As legislators, we have a responsibility to ensure our state government is protecting the constitutional rights of all Oregonians, including people accused of a crime. We must also ensure that justice is served and that there are adequate responses for victims and their communities. But for too long, we have not adequately addressed the dysfunction of our public defense system — perpetuating racial inequities and traumatic impacts of the criminal justice system.
This session, our colleagues in the Oregon Legislature have the opportunity to make urgent fixes and rebuild the system to prevent future crises by fully funding the workforce investments in House Bill 2467 and the systemic reforms in Senate Bill 337 to reform how Oregon’s public defense system delivers services.
Hundreds of Oregonians are currently in legal jeopardy because the state government is failing to uphold its constitutional duty to provide adequate legal counsel to those who can’t afford a private attorney. This denies the accused their right to counsel and delays, or outright forgoes, justice for crime victims.
A key contributing factor is an unstable workforce fueled by low pay, high caseloads, few professional development opportunities, burnout and high turnover. A recent analysis found that 60% of lawyers at nonprofit public defense firms in Oregon left their jobs between January 2020 to September 2022. Many leave the workforce to take private sector or state positions that pay better.
When our public defense system is chronically under-resourced, justice is nearly impossible to achieve.
This has costly consequences for people directly impacted and the community at large, due to lost income, adverse health effects and the detrimental effects on children of incarcerated family members. Victims and survivors of crime are also negatively affected when accountability is delayed or unaddressed altogether due to a lack of attorneys.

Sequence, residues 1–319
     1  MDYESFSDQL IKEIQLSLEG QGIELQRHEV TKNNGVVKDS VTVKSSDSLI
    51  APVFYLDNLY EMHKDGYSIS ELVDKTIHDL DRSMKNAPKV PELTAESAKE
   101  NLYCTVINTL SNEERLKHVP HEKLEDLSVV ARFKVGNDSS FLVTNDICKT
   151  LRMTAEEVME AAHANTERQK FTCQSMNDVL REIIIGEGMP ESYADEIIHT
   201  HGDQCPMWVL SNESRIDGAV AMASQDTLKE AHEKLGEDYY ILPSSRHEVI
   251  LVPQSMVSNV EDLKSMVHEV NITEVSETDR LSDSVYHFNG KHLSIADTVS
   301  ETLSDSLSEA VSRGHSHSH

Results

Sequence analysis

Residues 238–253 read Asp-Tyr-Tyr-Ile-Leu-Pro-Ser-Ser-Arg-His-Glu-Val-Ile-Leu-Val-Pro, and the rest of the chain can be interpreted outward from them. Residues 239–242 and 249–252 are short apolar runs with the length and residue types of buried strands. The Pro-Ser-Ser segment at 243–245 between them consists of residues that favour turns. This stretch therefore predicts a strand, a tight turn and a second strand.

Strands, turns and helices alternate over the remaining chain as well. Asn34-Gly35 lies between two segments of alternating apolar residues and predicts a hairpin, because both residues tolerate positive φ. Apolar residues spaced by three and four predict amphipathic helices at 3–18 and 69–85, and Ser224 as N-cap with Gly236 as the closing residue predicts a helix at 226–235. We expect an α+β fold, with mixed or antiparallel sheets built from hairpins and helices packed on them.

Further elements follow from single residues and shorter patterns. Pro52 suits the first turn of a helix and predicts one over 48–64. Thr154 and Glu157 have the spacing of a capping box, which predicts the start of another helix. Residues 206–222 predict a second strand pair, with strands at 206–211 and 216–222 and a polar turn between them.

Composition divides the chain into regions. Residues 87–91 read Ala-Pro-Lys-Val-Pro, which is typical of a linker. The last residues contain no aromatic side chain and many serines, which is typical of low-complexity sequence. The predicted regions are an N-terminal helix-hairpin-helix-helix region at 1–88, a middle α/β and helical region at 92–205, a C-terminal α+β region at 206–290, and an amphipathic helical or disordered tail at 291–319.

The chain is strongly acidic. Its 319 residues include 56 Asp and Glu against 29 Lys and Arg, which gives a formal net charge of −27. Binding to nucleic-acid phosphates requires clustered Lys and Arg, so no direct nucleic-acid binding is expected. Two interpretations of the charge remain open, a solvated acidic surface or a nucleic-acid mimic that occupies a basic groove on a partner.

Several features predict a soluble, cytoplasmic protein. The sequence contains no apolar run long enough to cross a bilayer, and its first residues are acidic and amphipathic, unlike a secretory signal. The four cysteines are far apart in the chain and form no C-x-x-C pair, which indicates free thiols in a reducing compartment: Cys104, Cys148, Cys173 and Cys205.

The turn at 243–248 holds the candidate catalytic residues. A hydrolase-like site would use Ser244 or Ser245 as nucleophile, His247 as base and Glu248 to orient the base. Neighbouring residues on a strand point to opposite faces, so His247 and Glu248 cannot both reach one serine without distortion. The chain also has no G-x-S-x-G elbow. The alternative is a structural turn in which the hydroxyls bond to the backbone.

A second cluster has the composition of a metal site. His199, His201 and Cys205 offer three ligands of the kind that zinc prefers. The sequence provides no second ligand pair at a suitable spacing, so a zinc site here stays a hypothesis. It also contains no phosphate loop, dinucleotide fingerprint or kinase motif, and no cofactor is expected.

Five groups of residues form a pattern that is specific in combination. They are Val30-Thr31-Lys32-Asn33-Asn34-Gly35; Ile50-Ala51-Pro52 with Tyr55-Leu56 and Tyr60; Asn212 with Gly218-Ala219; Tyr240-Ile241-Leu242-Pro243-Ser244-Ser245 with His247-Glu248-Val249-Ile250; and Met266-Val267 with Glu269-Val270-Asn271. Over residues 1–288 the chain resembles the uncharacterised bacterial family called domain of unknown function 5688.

A constitutional crisis of this order demands that we allocate available state resources and reserves accordingly. SB 337 and HB 2467 include important investments and reforms to begin addressing the immediate crisis while building toward a more sustainable and just system.
HB 2467’s workforce recruitment and retention investments include:
The structural reforms proposed in SB 337 complement the vision outlined in HB 2467, such as moving public defense services to the executive branch to improve transparency and monitoring of the system and creating a state trial division to supplement local resources in high-need regions.
Fixing a system that’s been under-funded for decades is expensive. But so is the status quo. Oregon taxpayers spend $51,418 per incarcerated person per year, for a total of $1.14 billion. The indirect costs are even greater. On a national level, a study from Washington University in St. Louis estimates that the broader societal costs of incarceration put the total burden at nearly $1.2 trillion, after accounting for consequences such as foregone wages, adverse health effects, and the detrimental effects on the children of incarcerated parents.
Investments and reforms proposed in the 2019 and 2020 legislative sessions were put on hold due to Republicans abandoning their jobs. Today, we’re facing another Republican walkout amid a crisis that has grown exponentially in severity, leaving our communities high and dry yet again.
We cannot afford to wait again. We urge our fellow legislators to support investments for the public defense workforce this session — and for those who have walked out to come back to work.
No one in Oregon should face criminal charges without access to an attorney. Supporting our public defense workforce is an integral step toward a more equitable and just Oregon.